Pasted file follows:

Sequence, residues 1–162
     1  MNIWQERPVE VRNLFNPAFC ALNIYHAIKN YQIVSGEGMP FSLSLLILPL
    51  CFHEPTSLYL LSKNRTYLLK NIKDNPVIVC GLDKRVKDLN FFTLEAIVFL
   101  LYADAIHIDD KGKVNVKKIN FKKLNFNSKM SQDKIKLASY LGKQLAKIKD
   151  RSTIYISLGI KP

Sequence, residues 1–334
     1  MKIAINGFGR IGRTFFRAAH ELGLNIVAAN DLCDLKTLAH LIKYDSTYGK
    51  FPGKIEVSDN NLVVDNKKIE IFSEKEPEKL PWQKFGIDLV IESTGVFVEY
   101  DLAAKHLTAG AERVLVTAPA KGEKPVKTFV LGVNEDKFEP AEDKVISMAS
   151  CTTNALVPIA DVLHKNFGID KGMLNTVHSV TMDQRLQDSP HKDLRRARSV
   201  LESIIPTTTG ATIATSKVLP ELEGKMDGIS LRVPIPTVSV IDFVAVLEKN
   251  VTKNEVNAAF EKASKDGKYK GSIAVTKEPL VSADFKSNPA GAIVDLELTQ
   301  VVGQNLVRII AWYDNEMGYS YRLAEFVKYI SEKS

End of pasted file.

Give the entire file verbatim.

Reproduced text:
Sequence, residues 1–162
     1  MNIWQERPVE VRNLFNPAFC ALNIYHAIKN YQIVSGEGMP FSLSLLILPL
    51  CFHEPTSLYL LSKNRTYLLK NIKDNPVIVC GLDKRVKDLN FFTLEAIVFL
   101  LYADAIHIDD KGKVNVKKIN FKKLNFNSKM SQDKIKLASY LGKQLAKIKD
   151  RSTIYISLGI KP

Sequence, residues 1–334
     1  MKIAINGFGR IGRTFFRAAH ELGLNIVAAN DLCDLKTLAH LIKYDSTYGK
    51  FPGKIEVSDN NLVVDNKKIE IFSEKEPEKL PWQKFGIDLV IESTGVFVEY
   101  DLAAKHLTAG AERVLVTAPA KGEKPVKTFV LGVNEDKFEP AEDKVISMAS
   151  CTTNALVPIA DVLHKNFGID KGMLNTVHSV TMDQRLQDSP HKDLRRARSV
   201  LESIIPTTTG ATIATSKVLP ELEGKMDGIS LRVPIPTVSV IDFVAVLEKN
   251  VTKNEVNAAF EKASKDGKYK GSIAVTKEPL VSADFKSNPA GAIVDLELTQ
   301  VVGQNLVRII AWYDNEMGYS YRLAEFVKYI SEKS